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Tuesday, 7 February 2017
Page: 86

Senator SIEWERT (Western AustraliaAustralian Greens Whip) (17:32): I rise to convince the Senate that the government's disastrous and inaccurate automated debt recovery process, and its refusal to abandon the system, is a great matter of importance. I also rise to convince the Senate to support that particular contention.

The Turnbull government's disastrous and inaccurate automated debt recovery system has resulted in misery, concern, frustration and anger for a great many Australians. While it may be a new year in parliament, we see no change in the government's ongoing attack on Australians relying on the social safety net. Many of us here in this chamber were lucky enough to have time off with family, friends and loved ones over the holiday period. However, many Australians—who are not represented here today but who we are supposed to be representing—were not so fortunate. The Christmas holiday period is already stressful for many Australians who do not have a high and significant income. It brings on issues of ongoing financial stress and affects people's mental health, and this is reflected in the statistics. But during this time, which is stressful for many vulnerable low-income Australians, the government chose to launch its worst attack of late on income support recipients. It is certainly the worst attack and the worst-timed attack that I have seen during my time in parliament—and I have seen many attacks during that time.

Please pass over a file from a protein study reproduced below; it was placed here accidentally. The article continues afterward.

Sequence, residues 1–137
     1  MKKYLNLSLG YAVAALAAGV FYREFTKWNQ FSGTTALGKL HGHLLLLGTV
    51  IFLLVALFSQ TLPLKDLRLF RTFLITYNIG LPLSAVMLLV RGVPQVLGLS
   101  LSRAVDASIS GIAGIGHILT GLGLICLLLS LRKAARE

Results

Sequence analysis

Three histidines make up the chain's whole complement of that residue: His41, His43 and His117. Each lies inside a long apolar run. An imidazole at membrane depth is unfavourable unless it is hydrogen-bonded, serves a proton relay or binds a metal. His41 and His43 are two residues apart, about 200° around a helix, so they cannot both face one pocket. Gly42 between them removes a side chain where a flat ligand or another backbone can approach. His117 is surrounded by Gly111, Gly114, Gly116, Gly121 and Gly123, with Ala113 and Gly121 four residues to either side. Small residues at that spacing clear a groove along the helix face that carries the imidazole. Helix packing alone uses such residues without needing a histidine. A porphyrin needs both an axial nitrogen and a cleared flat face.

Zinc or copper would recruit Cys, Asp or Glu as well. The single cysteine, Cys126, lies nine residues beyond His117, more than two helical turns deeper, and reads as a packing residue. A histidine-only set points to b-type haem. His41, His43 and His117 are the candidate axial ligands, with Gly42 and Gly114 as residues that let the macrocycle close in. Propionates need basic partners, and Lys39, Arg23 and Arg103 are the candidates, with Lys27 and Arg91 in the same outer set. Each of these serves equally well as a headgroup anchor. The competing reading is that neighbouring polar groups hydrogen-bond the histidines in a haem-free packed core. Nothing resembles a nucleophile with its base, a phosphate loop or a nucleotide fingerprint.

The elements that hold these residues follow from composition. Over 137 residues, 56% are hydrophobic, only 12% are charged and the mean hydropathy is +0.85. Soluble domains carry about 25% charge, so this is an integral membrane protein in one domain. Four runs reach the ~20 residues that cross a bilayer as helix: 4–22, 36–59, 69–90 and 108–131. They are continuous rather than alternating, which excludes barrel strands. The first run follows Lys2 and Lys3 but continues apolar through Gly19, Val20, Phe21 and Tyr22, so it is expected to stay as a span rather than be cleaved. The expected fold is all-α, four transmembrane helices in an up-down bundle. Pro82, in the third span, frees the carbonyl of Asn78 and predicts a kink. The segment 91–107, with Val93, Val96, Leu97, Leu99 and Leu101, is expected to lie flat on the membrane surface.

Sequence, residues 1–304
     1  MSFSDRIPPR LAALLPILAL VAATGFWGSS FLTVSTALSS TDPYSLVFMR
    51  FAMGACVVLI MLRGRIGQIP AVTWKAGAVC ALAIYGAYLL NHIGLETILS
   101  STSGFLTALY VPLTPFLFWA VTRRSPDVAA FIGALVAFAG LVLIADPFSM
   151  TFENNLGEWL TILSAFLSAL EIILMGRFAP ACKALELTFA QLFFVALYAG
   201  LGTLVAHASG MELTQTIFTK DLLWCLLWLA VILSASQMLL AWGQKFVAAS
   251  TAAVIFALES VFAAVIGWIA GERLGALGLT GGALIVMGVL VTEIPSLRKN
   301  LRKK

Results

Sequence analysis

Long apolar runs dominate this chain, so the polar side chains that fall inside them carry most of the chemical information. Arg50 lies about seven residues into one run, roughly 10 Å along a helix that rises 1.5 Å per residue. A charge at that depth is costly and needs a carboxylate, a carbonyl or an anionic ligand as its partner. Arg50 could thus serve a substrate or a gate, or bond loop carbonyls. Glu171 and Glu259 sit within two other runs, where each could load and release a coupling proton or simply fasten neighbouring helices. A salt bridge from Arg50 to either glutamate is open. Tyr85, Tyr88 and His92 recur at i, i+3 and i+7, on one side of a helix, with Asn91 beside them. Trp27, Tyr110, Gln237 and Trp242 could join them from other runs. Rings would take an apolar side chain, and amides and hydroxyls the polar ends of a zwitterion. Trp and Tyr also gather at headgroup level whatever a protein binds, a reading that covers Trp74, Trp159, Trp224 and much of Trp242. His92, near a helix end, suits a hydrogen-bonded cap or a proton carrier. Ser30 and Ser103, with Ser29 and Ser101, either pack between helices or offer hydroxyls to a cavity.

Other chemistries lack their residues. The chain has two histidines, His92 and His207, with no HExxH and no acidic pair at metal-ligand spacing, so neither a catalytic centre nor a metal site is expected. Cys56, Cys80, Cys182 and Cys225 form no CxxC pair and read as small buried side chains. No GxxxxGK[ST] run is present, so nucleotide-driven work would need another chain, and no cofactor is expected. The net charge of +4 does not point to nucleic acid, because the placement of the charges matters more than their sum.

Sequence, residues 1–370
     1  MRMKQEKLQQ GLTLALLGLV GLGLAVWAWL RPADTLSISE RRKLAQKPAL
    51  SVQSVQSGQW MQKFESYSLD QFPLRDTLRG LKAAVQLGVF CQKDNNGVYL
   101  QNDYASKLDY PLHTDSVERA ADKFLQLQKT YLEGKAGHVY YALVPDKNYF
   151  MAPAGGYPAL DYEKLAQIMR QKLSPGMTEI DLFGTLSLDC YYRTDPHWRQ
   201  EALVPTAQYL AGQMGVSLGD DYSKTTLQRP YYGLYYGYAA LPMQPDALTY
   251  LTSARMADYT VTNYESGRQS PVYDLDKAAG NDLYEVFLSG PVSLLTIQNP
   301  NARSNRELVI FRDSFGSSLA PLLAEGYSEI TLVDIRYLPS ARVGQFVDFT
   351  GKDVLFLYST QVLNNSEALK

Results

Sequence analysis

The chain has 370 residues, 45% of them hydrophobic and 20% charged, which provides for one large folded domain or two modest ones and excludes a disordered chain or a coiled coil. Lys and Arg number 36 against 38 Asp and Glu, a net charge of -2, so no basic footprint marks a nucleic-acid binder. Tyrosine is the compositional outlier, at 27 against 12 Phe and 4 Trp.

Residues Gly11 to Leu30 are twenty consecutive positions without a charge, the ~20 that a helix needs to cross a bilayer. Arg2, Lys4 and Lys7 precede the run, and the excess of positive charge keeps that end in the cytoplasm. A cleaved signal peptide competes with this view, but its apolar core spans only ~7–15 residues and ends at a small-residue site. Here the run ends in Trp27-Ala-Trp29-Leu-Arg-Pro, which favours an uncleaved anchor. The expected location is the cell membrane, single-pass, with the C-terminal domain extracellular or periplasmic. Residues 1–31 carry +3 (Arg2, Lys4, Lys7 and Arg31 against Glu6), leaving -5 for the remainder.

I know that many Australians save all year to enjoy the Christmas period with their families and to make sure that their children have an enjoyable time. Yet, due to the actions of this government, many Australians have been in a state of panic and distress about the debt notices that they have been receiving, demanding payments of thousands and sometimes tens of thousands of dollars, without explanation, just days before Christmas. The government may play around with some of the words around the debt notices, but, when they got those letters, that is how people read them—as debt notices. Recipients of these notices were, and are continuing to be, assumed guilty. They are directed to start making payments virtually immediately or to prove that they have made the correct reports through providing pay slips from, in some cases, many years ago—sometimes where businesses are no longer operating—despite the Centrelink website advising until recently that they only needed to keep pay slips for six months. Who in this place still has pay slips from previous jobs, jobs from five or six years ago? When people have attempted to do that, they have been directed to talk to Centrelink, but it is nearly impossible to get hold of Centrelink via phone or online. Try using the myGov website to resolve a situation, particularly when you are frustrated and scared about these debt notices. Many people have told me about the long waiting times, and I have talked about those waiting times in this place on numerous occasions. The government's response was, 'You can phone Centrelink,' and they say the average waiting time is a relatively short amount of time. It is not. If you have tried, you know that it takes a very long time to get through to Centrelink. In fact, people have been sending me screenshots from their phones showing how long they have spent waiting on the line, trying to get through to Centrelink. Because of troubles with the system—there were 29 million missed calls last financial year—we know that the fundamentals of the system are flawed.